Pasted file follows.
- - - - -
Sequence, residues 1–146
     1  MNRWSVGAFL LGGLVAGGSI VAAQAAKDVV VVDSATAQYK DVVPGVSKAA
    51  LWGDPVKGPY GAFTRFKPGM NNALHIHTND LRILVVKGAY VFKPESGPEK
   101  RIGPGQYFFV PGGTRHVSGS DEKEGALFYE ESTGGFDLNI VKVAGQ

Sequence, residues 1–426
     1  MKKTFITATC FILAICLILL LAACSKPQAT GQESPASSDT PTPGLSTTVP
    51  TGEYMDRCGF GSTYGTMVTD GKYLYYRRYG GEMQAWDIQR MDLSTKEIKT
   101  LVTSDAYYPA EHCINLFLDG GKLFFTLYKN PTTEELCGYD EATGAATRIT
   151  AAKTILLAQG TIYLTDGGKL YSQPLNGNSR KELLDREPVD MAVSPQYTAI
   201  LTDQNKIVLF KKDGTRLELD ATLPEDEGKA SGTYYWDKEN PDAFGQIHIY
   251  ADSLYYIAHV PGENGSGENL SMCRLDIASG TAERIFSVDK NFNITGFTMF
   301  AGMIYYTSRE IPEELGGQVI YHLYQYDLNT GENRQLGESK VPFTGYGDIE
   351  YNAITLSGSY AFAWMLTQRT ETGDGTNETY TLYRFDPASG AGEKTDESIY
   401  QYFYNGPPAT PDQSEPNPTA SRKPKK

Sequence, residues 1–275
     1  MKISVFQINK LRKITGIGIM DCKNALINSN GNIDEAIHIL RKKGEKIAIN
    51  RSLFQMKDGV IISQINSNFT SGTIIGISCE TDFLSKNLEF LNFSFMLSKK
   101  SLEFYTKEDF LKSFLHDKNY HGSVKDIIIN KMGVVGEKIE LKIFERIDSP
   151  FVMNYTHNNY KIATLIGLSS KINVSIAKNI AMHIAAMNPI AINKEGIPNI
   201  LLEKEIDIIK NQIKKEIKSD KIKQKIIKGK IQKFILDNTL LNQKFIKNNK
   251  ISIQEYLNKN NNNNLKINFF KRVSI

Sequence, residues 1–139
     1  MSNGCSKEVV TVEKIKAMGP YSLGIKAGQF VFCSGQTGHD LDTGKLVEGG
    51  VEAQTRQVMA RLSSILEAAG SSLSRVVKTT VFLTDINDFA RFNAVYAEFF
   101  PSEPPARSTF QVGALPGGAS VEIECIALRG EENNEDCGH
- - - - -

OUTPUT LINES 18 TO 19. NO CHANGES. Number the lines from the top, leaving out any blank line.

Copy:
   101  SLEFYTKEDF LKSFLHDKNY HGSVKDIIIN KMGVVGEKIE LKIFERIDSP
   151  FVMNYTHNNY KIATLIGLSS KINVSIAKNI AMHIAAMNPI AINKEGIPNI